IDC Releases Top 10 Health IT Predictions For 2015
December 8, 2014
Categories: Thought Leadership
International Data Corporation (IDC) Health Insights, the division of IDC tasked with helping health businesses make more effective technology decisions by providing research and consulting services, recently released a report announcing its top predictions for health IT in 2015. Specifically, the organization outlines how rising costs of health care will prompt some organizations to embrace new strategies to increase operational efficiency.
In the report, IDC suggests that 2015 will be a year when so-called “third platform” technologies, including cloud, mobile, social and big data, are expected to gain purchase in health care. IDC predicts hospital CIOs will turn to these new technologies to offset rising health care costs.
The group also concludes that by 2020, 80 percent of health data will pass through the cloud at some point in its lifetime, as providers increasingly leverage these platforms for data collection, aggregation, analysis and decision-making.
In addition, IDC highlights an increased focus on improving the consumer experience, and projects that 65 percent of consumer transactions with health care organizations will be mobile by 2018. This will require health care organizations to develop new tools and strategies to provide a consistent experience across the Web, mobile and telephonic channels.
The report predicts that 70 percent of health care organizations worldwide will invest in consumer-facing mobile applications, wearables, remote health monitoring and virtual care by 2018, creating higher demand for big data and analytics capabilities to support population health management.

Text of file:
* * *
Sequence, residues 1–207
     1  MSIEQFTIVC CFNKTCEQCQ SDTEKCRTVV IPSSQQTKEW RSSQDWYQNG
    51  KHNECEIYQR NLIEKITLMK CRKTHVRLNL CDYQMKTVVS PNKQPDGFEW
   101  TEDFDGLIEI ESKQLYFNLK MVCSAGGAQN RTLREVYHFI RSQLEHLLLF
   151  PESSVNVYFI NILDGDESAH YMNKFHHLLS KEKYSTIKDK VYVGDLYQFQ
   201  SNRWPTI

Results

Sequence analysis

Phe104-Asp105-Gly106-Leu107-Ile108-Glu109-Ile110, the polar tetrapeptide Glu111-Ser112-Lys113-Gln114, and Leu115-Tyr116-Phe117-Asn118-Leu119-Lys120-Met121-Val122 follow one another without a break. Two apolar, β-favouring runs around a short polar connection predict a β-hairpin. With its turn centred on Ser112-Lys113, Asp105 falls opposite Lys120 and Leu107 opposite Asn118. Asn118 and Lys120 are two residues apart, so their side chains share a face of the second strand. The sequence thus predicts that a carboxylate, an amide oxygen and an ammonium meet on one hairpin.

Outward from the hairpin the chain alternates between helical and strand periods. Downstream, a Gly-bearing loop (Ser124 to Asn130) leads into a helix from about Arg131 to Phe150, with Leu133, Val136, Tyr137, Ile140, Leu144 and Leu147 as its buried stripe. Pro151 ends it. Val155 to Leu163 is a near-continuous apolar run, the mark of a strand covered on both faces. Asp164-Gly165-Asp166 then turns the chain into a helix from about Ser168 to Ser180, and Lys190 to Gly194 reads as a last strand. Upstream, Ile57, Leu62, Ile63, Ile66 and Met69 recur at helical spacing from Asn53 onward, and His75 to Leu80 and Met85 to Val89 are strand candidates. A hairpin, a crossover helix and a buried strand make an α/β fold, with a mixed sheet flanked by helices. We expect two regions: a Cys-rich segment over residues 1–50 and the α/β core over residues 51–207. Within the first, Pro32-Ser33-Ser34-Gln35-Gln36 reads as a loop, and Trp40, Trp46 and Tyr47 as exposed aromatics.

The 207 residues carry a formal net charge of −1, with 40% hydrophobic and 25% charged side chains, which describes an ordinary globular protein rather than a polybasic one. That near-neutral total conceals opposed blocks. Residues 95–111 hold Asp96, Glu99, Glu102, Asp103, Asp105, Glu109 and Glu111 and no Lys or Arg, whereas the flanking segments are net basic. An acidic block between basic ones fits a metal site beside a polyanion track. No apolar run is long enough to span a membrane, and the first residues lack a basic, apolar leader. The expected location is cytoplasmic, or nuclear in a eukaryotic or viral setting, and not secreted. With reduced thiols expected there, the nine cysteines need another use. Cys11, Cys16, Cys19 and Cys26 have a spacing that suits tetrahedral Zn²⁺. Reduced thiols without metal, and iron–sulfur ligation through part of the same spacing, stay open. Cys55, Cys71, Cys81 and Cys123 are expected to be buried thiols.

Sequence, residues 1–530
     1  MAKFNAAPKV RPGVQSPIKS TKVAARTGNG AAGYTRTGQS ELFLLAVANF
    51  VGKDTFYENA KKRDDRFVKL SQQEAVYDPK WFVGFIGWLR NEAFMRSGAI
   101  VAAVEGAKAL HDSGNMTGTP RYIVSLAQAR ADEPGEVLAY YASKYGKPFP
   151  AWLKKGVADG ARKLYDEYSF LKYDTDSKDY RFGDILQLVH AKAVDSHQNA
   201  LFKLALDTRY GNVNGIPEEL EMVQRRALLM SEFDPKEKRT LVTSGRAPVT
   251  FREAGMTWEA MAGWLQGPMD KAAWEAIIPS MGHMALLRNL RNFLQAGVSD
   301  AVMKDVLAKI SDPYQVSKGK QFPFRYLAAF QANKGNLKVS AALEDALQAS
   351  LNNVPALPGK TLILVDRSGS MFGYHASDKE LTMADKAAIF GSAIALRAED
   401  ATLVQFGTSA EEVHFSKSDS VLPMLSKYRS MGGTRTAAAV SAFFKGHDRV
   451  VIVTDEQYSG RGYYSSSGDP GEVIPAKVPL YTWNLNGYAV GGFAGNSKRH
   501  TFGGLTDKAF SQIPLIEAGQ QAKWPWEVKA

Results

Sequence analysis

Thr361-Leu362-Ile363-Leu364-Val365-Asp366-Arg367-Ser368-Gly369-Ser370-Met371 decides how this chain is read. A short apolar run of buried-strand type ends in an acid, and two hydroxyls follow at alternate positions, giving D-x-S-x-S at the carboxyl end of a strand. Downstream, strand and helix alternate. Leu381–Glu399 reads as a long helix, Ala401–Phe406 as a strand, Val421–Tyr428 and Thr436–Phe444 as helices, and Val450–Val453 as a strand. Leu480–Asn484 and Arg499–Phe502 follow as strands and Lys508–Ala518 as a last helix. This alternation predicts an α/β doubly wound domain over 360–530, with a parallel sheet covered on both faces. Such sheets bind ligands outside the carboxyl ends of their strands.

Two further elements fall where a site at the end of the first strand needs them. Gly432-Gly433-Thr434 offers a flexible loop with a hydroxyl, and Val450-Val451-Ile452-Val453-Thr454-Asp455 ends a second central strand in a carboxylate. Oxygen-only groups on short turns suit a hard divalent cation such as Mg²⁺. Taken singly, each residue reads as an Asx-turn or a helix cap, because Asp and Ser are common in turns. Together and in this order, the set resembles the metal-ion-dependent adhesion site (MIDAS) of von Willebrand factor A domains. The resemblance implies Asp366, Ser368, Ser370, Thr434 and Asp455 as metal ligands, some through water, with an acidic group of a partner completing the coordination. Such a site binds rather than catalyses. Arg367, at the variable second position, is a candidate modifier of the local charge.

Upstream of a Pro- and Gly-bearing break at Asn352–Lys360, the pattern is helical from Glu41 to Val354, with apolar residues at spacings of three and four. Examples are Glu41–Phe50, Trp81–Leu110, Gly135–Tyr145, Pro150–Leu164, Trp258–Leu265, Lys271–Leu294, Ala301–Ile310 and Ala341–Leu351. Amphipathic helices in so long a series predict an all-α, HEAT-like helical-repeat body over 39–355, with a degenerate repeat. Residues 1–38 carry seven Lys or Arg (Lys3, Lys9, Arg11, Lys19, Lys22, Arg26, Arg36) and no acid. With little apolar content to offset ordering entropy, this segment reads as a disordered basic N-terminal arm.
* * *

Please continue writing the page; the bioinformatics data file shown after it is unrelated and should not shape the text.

In a statement, Scott Lundstrom, group vice president and general manager of IDC Health Insights, noted, “These decision imperatives provide a roadmap for health care organizations to think about IT investments that will need to be made and the impact they will have on an organization, all of which can be used to support the planning and budgeting process.”
CNSI has already established its own products and solutions to facilitate some of these changes and to help organizations develop these necessary technology strategies. CNSI’s cloud-based solutions have proven successful following the launch of the interstate partnership between Michigan and Illinois to develop a new shared Medicaid Management Information Systems on the cloud. In addition, the myHealthButton mobile application is providing health care providers and patients convenient access to an individual’s health data and other available health resources.
What do you think of the IDC’s health IT predictions? How else can these organizations prepare for the changing landscape in health care? Tweet @CNSICorp to let us know!
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